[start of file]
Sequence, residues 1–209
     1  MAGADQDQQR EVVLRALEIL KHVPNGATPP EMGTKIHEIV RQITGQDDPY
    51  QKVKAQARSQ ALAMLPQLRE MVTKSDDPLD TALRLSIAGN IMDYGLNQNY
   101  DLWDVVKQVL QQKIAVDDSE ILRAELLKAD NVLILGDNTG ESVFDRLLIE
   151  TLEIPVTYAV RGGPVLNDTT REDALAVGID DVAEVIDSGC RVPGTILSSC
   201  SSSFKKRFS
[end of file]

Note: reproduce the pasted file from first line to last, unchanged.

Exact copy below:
Sequence, residues 1–209
     1  MAGADQDQQR EVVLRALEIL KHVPNGATPP EMGTKIHEIV RQITGQDDPY
    51  QKVKAQARSQ ALAMLPQLRE MVTKSDDPLD TALRLSIAGN IMDYGLNQNY
   101  DLWDVVKQVL QQKIAVDDSE ILRAELLKAD NVLILGDNTG ESVFDRLLIE
   151  TLEIPVTYAV RGGPVLNDTT REDALAVGID DVAEVIDSGC RVPGTILSSC
   201  SSSFKKRFS